By Lars Dalseide | April 24 2013 13:36

National Firearms Museum closes the Maltese Falcon exhibit after 3 years

NRA curators Schreier and Sharpe pack up the Maltese Falcon for the trip back to California

Fairfax, Virginia - Almost three years ago today, a true Hollywood legend walked into the National Firearms Museum. Well, the legend rolled more then walked. For it was neither a woman or man who entered the museum — it was a thing. A statue. The Hollywood statue. The Maltese Falcon.

For thirty months and twenty some odd days, the Maltese Falcon has called the National Firearms Museum home. Sitting in a place of honor, beside the .44 Magnum Smith & Wesson revolver Clint Eastwood used in the first Dirty Harry movies, the falcon went practically unnoticed to the untrained eye. But once recognized, it produced the ultimate affect that every curator hopes for when displaying a new artifact — a smile.

"The Maltese Falcon is the quintessential example of Film Noir," said Phil Schreier, Senior Curator for the National Firearms Museum. "It has everything you could ever want. A classic whodunit on The Maltese Falcon wrapped up at the NRA Museum for the trip back to California back alley streets of San Francisco. Sydney Greenstreet as the bad guy searching for the Falcon, Mary Astor plays the damsel in distress and Bogie is everybody's favorite private eye — Sam Spade."

For those unfamiliar with the 1930 Dashiell Hammett , here's the Reader's Digest version.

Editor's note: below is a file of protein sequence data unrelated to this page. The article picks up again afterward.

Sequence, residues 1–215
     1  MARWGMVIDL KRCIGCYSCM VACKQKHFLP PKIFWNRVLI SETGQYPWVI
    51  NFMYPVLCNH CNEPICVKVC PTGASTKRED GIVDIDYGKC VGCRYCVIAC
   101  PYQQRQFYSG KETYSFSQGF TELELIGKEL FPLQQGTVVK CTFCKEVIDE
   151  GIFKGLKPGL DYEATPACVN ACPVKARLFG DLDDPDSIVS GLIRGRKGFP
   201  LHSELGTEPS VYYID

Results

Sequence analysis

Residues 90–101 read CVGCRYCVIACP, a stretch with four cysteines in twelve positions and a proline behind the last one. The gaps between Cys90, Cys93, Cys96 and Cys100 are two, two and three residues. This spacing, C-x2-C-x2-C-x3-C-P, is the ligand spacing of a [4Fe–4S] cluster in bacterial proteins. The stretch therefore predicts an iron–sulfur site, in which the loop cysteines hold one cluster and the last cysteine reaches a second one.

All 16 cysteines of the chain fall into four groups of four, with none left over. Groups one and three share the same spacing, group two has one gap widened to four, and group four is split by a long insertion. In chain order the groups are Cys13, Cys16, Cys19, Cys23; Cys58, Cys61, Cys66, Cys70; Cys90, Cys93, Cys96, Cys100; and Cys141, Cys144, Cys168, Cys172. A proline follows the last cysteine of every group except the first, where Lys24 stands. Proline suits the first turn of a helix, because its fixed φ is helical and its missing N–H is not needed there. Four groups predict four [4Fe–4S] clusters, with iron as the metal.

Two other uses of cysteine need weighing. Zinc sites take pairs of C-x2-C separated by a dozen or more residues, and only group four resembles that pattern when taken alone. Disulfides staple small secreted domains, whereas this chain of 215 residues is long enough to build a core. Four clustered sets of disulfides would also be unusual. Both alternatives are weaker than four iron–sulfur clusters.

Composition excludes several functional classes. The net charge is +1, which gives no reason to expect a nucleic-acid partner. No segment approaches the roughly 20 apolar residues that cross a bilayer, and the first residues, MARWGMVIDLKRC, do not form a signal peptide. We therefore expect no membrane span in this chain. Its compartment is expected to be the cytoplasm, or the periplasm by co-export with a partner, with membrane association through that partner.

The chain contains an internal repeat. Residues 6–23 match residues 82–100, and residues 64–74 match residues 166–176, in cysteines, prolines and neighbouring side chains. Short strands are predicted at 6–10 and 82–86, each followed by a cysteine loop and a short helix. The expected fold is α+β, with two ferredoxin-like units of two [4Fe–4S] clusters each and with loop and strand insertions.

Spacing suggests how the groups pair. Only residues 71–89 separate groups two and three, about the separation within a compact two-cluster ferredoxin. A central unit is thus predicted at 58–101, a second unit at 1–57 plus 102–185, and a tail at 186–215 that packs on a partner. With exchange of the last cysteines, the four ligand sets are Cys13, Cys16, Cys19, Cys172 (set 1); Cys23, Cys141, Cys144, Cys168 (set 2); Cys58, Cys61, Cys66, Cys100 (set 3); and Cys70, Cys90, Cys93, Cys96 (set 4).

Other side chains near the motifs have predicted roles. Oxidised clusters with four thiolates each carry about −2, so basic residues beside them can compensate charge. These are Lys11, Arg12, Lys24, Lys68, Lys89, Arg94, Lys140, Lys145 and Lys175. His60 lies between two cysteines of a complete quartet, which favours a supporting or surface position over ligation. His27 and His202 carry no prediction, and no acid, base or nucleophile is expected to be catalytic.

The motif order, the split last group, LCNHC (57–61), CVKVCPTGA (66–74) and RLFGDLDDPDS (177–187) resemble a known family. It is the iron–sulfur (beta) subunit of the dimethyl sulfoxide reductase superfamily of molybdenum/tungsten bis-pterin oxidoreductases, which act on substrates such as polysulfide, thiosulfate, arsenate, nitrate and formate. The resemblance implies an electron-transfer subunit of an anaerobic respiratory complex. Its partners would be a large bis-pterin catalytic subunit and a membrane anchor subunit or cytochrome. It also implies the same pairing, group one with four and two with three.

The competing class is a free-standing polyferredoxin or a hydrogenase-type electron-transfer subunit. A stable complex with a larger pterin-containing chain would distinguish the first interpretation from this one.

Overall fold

Miles Archer has been killed. His partner, Sam Spade, is the prime suspect. To clear his name and find his friend's murderer, Spade parries with a devilish woman and collection of bad guys who are trying to find the falcon -- a jewel-encrusted statue intended for Charles V in the sixteenth century.

When the Falcon arrived, there were crowds of staff, anxious curators and a collection of camera crews from local news stations. When it left, a few days ago, the crowds had dwindled down to a couple of curators repacking a crate to the sound of eighteen inch bolts being ravaged by power tools.

"We've been lucky enough to exhibit the Falcon for a few years now," said Schreier. "Though only here for a moment, for an ever fleeting moment, it is one of those experiences that I will always treasure.

"After all, to quote Sam Spade, it's the stuff that dreams are made of."

Now that the Falcon is gone, we can finally share a story about the day, the very day, that the bird was delivered to the National Firearms Museum.

According to sources close to the statue, "a contingency" arrived at the Warner Brothers Museum from the 2009 White House. Top on their list was to see the Maltese Falcon. Alas, it was no longer there. No word on whether a similar visit was scheduled to the NRA Museum.


The original story, posted earlier this month, was pulled due to security concerns while the Falcon was in transit.

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